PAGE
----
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    In policy practice sometimes organizational arrangements appear that at first glance manifest itself as cooperative relations between private organizations, but about which on second thoughts the question can be asked if after all there is an active input from the side of the government. This is for instance the case in the construction of biogas infrastructures. In this article the authors discuss if we can talk about PPC after all. In the debate on governance this question is important because in the design of PPC the public interest involved must be sufficiently guaranteed in terms of control and accountability. On the basis of a confrontation between the results of a literature review and an empirical study of the case of a Green Gas pipeline in North-East Friesland (‘Biogasleiding Noordoost Fryslân’) in the Netherlands, the authors conclude that public steering in practice can take a form in disguise. Using ‘intermediate’ civil law legal persons, governmental influence indeed can be and is exercised during the cooperation. Especially law poses specific demands on control and accountability to take care of public interests, like the promotion of the use of renewable energy. Likewise in this kind of projects, especially in comparison with pure private-private cooperation, the public and if possible even the public law regulation must be safeguarded, for instance by transparency of form and content of steering. Of course this has to be done with preservation of the cooperative nature that is typical of PPC.


Maurits Sanders
Dr. M.P.T. Sanders is hoofddocent Bestuurskunde bij Saxion Hogescholen, zakelijk directeur van het Netherlands Institute of Government (NIG) en onlangs gepromoveerd aan de Faculteit Management en Bestuur van de Universiteit Twente.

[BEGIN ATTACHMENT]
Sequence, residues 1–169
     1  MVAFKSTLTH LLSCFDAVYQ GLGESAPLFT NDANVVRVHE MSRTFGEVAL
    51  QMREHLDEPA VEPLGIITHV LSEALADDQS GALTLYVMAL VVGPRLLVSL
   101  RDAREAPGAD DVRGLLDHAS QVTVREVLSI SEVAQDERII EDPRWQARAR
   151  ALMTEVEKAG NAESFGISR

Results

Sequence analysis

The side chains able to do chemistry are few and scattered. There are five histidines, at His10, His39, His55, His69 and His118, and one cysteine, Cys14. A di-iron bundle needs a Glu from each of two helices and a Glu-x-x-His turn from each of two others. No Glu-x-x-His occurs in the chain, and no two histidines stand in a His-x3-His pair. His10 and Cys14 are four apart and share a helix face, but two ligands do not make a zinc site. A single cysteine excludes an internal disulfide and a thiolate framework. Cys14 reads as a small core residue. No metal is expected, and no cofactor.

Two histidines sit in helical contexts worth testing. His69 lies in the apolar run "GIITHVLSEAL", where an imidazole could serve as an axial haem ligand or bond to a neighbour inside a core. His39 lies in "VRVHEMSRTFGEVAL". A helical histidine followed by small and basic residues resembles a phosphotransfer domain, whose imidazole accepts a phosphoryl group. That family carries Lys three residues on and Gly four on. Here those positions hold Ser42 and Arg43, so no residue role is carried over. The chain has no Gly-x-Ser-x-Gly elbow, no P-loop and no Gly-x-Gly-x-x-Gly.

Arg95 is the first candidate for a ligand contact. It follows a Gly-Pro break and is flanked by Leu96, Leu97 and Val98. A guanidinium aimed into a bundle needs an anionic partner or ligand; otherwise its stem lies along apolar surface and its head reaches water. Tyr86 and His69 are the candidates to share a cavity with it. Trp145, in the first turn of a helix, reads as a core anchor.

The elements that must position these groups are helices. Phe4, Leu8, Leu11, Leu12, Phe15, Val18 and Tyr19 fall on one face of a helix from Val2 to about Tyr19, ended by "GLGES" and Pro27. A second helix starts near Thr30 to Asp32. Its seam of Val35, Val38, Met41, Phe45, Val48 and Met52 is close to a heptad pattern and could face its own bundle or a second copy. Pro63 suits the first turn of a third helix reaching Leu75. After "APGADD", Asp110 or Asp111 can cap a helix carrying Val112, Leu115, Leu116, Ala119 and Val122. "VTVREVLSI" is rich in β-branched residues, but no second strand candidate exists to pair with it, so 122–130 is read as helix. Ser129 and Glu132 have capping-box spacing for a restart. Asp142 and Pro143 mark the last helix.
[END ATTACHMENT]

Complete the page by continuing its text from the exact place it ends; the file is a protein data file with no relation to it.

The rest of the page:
Michiel Heldeweg
Prof. mr. dr. M.A. Heldeweg is hoogleraar Public Governance Law aan de Faculteit Management en Bestuur van de Universiteit Twente.
Artikel

Botsende publieke waarden bij publiek-private samenwerking

Dimensies en dilemma's van juridisch-bestuurskundige legitimiteit, in het bijzonder bij openbaar gezag

Tijdschrift Bestuurskunde, Aflevering 2 2011
Trefwoorden Good governance, public-private partnerships, legitimacy
Auteurs Michiel Heldeweg en Maurits Sanders
SamenvattingAuteursinformatie

    Public Private Partnerships (PPP), especially those geared to exercise public legal powers (‘Authoritative PPP’), are suggestive of tensions between private party involvement and public legitimacy. Hence, public legitimacy is analyzed primarily on the basis of work done by David Beetham, and complemented with Public Law legitimacy considerations concerning the exercise of legal powers and law on public organizations. The findings project that there is room to convincingly frame legitimate PPP involving public authority, but that the scope is restricted both in terms of legal constraints and of political sensitivity.As a result of this, truly wicked policy projects, which in theory stand to gain most by PPP, in practice seem to be considered less suited for Authoritative PPP (and probably more for Network PPP).


Michiel Heldeweg
Prof. mr. dr M.A. Heldeweg is hoogleraar Public Governance Law aan de Faculteit Management en Bestuur van de Universiteit Twente.

Maurits Sanders
Drs M.Ph.Th. Sanders is hoofddocent Bestuurskunde bij Saxion en promovendus aan de Faculteit Management en Bestuur van de Universiteit Twente.
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